Why Do Cats Love Knocking Things Over?

Cats can be both entertaining and infuriating, often at the same time-and when your cat is about to do something naughty, it can sometimes seem as if they go out of their way to make sure that you are watching them first! One of the most common feline behaviours is also one that can be annoying and/or funny depending on how it manifests-and this is of course when your cat knocks things over deliberately with their paw, or goes out of their way to push something off a shelf or worktop!

This is a behaviour that most cats manifest, and whether it only happens occasionally or if it is such a regular occurrence that you find yourself unconsciously putting things down at the back of the worktop or out of your cat’s reach, you have probably wondered why they are doing it, and if there is anything that you can do to stop it.

In this article, we will look at things from a cat’s eye view, and share some insights into why cats love knocking things over, and what you can do to prevent accidents and protect your things! Read on to learn more.

Cat behaviour

Cats are inquisitive animals that like to get up close and personal with things and explore the world through a combination of sight, hearing, touch, smell and sometimes taste. Patting at things with the paws or batting things that move is a very common cat behaviour, and one that can be very confusing-or lead you to believe that your cat is just going out of their way to be annoying!

It is certainly true that cats may bat things over and deliberately paw at small objects until they fall down just for the sake of it, but there are also a range of different reasons why cats enjoy doing this, and that explain what such behaviour means to your cat.

Investigation

Cats like to get to know everything that makes up their homes and territories, and they will probably spot something new or out of place very quickly. Cats are often quite speculative about approaching new things until they get familiar with them and they begin to smell like the rest of the home-but they will also have a burning curiosity to do just that, which will manifest sooner or later!

Cats will approach new things or things that are in a new place and sniff them first, before potentially rubbing their heads on it to pass on their scent, and potentially, use their paws or noses to see what happens when the object moves!

Entertainment

Cats find all sorts of different things entertaining, from lively games of mock-hunting and running around to simply watching the world go by from a comfortable window seat. If your cat is looking for something to do or something catches their eye, they will likely target small or moveable objects that provide feedback and stimulation by doing something when touched-such as tipping over or rolling away. If your cat nudges over a glass of water, they are likely intrigued by the way the water moves in the glass, and of course a great many things roll or teeter when pushed, further holding your cat’s attention.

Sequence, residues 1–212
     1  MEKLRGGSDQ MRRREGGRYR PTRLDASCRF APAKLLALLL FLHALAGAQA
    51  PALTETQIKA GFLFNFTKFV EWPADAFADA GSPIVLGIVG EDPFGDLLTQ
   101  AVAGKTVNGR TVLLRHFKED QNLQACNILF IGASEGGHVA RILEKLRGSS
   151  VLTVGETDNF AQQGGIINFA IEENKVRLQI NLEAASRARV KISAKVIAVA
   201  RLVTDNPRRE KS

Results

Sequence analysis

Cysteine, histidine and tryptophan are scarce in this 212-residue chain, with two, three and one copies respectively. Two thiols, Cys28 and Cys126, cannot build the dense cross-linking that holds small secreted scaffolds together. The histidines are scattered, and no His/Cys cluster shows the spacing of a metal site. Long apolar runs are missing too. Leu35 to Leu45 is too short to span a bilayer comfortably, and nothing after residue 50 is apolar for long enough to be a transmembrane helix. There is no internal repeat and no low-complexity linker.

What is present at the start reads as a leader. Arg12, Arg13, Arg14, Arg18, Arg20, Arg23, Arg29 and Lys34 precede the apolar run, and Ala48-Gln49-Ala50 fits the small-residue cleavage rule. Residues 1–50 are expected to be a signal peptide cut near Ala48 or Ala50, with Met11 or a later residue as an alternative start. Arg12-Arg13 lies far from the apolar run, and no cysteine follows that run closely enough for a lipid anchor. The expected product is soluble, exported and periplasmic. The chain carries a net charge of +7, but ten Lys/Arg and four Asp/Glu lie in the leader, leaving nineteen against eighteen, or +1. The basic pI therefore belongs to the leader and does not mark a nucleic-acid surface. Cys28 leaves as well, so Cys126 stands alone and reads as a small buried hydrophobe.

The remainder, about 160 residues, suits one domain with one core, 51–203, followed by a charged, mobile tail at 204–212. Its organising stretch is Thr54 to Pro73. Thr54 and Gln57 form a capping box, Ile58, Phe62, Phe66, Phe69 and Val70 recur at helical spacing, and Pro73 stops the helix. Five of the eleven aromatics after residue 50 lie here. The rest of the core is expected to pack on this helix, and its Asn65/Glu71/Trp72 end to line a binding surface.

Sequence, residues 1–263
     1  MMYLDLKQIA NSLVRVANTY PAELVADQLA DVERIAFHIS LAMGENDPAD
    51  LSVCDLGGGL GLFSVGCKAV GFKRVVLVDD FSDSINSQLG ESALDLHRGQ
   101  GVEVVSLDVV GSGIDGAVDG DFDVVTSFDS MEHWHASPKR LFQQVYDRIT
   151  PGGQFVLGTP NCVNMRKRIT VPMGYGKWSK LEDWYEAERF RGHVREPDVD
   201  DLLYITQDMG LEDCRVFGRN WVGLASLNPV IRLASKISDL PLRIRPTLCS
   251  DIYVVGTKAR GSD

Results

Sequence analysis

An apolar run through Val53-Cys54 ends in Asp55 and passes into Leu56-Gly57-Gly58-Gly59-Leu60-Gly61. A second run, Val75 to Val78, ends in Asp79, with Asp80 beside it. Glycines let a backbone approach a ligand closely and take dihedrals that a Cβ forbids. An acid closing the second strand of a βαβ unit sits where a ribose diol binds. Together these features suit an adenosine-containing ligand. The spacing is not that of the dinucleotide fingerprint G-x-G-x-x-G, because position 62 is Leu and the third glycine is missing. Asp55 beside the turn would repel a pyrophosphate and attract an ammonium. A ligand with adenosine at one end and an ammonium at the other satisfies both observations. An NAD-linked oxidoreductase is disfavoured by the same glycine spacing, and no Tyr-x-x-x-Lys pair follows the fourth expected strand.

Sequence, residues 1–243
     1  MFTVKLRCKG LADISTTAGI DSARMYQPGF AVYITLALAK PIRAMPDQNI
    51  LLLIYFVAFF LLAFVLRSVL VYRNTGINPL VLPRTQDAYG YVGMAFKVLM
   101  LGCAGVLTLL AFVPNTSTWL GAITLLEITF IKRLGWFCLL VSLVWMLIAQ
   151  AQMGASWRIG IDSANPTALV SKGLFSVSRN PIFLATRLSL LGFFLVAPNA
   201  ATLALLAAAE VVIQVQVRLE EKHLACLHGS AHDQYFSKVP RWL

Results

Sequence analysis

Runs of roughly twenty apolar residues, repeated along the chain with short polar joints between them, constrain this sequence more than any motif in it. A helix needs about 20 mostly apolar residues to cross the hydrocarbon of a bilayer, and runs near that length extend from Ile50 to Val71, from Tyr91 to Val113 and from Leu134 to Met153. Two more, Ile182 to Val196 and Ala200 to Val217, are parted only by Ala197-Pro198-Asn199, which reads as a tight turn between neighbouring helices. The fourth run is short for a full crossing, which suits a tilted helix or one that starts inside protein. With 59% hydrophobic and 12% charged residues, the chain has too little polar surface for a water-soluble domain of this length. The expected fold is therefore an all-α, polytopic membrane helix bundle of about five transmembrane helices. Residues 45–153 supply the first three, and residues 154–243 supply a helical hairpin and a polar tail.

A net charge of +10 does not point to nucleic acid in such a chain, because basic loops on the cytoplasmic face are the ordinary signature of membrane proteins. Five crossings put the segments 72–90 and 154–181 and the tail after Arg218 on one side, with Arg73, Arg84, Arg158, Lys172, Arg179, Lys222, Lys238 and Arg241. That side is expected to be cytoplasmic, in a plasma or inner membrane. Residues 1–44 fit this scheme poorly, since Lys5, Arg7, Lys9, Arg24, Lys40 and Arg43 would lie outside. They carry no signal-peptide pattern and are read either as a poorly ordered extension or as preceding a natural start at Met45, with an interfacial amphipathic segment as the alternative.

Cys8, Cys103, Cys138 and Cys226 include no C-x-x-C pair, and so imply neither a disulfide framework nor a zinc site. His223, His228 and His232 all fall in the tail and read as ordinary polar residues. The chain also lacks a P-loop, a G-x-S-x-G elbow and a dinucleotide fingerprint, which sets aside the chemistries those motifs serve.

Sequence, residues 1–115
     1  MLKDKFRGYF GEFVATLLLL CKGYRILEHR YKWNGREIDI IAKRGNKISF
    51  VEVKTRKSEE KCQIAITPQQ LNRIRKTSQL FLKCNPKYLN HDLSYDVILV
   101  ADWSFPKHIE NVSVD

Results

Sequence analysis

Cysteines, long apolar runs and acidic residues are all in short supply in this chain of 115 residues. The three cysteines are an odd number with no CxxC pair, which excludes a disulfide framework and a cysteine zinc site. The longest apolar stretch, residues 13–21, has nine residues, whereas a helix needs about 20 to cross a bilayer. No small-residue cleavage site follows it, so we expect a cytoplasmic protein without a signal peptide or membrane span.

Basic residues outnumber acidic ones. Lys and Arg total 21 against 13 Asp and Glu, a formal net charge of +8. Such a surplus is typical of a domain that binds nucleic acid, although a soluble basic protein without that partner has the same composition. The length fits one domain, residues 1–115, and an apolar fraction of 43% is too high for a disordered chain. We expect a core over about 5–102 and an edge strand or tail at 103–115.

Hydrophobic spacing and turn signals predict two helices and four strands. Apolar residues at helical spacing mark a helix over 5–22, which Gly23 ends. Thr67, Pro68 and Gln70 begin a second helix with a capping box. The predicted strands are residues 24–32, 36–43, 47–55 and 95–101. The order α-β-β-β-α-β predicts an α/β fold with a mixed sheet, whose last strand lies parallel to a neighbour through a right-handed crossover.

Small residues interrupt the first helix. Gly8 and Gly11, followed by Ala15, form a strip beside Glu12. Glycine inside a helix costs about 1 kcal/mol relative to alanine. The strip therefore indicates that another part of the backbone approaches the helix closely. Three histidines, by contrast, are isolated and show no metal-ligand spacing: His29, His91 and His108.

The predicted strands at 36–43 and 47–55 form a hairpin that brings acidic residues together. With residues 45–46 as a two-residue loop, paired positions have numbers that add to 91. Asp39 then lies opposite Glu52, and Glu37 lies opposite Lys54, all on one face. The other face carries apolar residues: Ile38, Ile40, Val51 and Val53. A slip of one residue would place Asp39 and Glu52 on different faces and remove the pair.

Territory and spaces

If your cat keeps pushing the same thing over or keeps interfering with things that are left on a certain surface or in a certain place, your cat might be trying to let you know that they think the item in question shouldn’t be there! If your cat always sits in the same place and you try to place an ornament there, that ornament’s chances of surviving are fairly low-your cat is likely to either deliberately or accidentally move it by pushing it or knocking it over.

If this keeps happening, you may need to find somewhere else to put your things, or at least, take note of the fact that your cat has their own opinions about their choices, and is going to express them!

Play and hunting

Cats all manifest hunting behaviour and their prey drive to some extent or another, be that with live prey or simply toys. If an object provides some kind of response as a reward to your cat, by moving, falling over or rolling off a counter, this will appeal to your cat’s natural sense of fun and their desire to chase and hunt.

Providing your cat with alternatives in the form of balls to chase and other interactive toys can help to curb their urges to mess with your ornaments!

Your responses

Finally, if your cat learns that knocking things over gets your attention and results in you putting the object back or speaking to them, they may keep repeating the behaviour to get the same response.

Righting a knocked-over object or picking up something knocked onto the floor will read as a game to your cat, and they may well think that you are just setting up the game again for your cat to have another go at!

If you are trying to keep your cat away from a certain place or stop them from knocking over certain objects, do not keep providing a response and stimulus-if your cat gets bored of failing to get a response, they will find another target for their attentions.


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